Step 1: Get an EIN
An EIN, or an employer identification number, is a nine-digit number given to a company from the IRS for purposes of identification. This can also be called a federal employer identification number or a federal tax identification number.
An EIN is required to open a business banking account, obtain a business license, or file a business tax return.
Step 2: Form an Operating Agreement
To ensure your LLC operates smoothly, you need to create an operating agreement. This agreement outlines your business’s functional and financial decisions including regulations, rules, and provisions.
The operating agreement should outline things like member responsibilities and roles, member titles, and contributions.
Step 3: Open a Bank Account
Now that you have LLC designation, you can open an LLC bank account. Utilizing a business account for your LLC is more manageable than using your personal one because all of your business expenses can be found in one place. Deposit any member contributions for proper tracking. Opening a bank account for your LLC is also the first step to establishing business credit.
Step 4: Get a Business License
Depending on the type of business you are opening and your state’s regulations, you may need a business license. This license will ensure you comply with all state, county, and local laws. You’ll need to reach out to your city’s licensing authority to obtain an application, or it may also be available online.
Step 5: File for an Annual Report
In many states, you must file an annual report for your LLC. Filing this report keeps your company compliant with all state regulations and in good standing to preserve your limited liability protection and other benefits.
How to File by State
While most states are similar, every state has its own rules and procedures for creating an LLC and articles of organization. Pick your state below to find out how to start an LLC and file your articles of organization.
State Requirement Cheat Sheet
LLC Articles of Organization FAQ
Ready to start filing? Here are some important questions and answers to keep in mind when completing your LLC articles of organization:
Do I need an attorney to file Articles of Organization?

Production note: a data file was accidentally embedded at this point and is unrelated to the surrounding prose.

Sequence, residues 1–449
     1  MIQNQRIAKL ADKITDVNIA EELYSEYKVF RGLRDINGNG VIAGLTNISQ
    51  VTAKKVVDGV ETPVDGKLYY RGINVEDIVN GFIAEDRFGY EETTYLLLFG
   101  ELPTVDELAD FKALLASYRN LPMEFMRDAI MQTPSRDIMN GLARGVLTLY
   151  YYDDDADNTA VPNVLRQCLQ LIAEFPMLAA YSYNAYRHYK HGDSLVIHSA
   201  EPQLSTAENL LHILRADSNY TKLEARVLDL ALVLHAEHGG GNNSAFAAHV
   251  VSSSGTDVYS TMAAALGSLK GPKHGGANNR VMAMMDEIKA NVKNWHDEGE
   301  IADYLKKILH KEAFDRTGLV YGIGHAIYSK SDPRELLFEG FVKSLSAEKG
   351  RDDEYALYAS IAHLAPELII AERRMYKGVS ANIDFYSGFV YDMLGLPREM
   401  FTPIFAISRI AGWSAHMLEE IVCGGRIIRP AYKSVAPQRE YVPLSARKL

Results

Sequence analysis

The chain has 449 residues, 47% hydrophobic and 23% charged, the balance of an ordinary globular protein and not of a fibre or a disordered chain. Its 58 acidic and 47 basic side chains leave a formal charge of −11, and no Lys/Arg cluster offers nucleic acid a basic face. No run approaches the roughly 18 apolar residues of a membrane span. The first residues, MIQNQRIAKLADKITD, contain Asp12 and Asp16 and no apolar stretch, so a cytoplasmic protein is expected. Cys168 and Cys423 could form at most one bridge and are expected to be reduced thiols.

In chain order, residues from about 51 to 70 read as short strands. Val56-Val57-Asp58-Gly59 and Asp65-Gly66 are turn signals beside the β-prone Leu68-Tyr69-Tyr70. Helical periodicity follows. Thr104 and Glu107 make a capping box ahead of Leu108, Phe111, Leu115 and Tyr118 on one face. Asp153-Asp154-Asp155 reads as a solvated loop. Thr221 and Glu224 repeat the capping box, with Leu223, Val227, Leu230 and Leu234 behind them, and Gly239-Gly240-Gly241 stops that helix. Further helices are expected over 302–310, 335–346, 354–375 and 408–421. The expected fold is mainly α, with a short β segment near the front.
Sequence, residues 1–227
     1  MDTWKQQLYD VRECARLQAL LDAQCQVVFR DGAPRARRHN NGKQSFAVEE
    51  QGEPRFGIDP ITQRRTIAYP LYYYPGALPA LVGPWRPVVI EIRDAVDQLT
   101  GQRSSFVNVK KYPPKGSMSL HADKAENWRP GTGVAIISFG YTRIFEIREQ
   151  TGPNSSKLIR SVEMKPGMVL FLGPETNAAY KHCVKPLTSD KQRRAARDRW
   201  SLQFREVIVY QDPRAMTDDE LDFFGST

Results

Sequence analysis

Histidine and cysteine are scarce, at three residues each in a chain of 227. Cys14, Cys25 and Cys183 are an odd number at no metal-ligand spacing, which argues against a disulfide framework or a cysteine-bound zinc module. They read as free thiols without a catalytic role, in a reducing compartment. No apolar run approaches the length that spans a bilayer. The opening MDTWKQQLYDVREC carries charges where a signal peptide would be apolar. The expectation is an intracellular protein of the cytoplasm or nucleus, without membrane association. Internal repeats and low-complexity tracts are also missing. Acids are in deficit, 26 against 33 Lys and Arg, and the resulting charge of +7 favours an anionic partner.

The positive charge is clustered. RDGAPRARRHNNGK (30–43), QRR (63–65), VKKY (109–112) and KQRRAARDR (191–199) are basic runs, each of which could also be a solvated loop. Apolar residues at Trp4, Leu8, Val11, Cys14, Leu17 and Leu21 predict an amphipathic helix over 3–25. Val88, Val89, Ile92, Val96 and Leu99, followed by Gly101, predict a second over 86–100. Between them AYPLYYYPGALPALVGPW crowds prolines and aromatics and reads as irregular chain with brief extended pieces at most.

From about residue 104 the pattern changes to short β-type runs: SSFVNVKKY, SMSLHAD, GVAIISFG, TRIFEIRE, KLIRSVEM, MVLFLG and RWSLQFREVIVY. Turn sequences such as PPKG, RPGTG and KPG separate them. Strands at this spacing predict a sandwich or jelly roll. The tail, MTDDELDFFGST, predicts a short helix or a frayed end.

An attorney is not required and you can file articles of organization by yourself. However, each state has different rules and regulations for filing. Thus, a business attorney may be able to help you navigate the process and help you better understand and prepare.
Do Articles of Organization serve as a business license?
LLC articles of organization are not the same as a business license—this must be obtained separately and requires a different process.
Do I need to register my business name?
If you are filing articles of organization, you don’t need to register your business name. Registering your LLC in the articles of organization also serves as registering your business name.
Do I need other forms to file Articles of Organization?
This depends on the state you’re filing in. Some states will require other forms, such as a docketing statement or an initial list of managers or managing members. Check with your specific state to see if there are additional forms that are required.
Are Articles of Organization on public record?
Articles of organization are public records if they’re filed with the state. If you’re starting a company, ensure you’re aware of this so that you don’t unknowingly reveal confidential information.
LLC Articles of Organization Checklist
Ready to complete your articles of organization form for your new LLC? Follow this checklist below to ensure you have everything you need to file:
If you’re ready to get your company running, articles of organization are a required step to reach that goal. With this guide and breakdown by state, filing your LLC articles of organization will become easier to navigate. Be sure to choose LegalZoom as your registered agent for your business.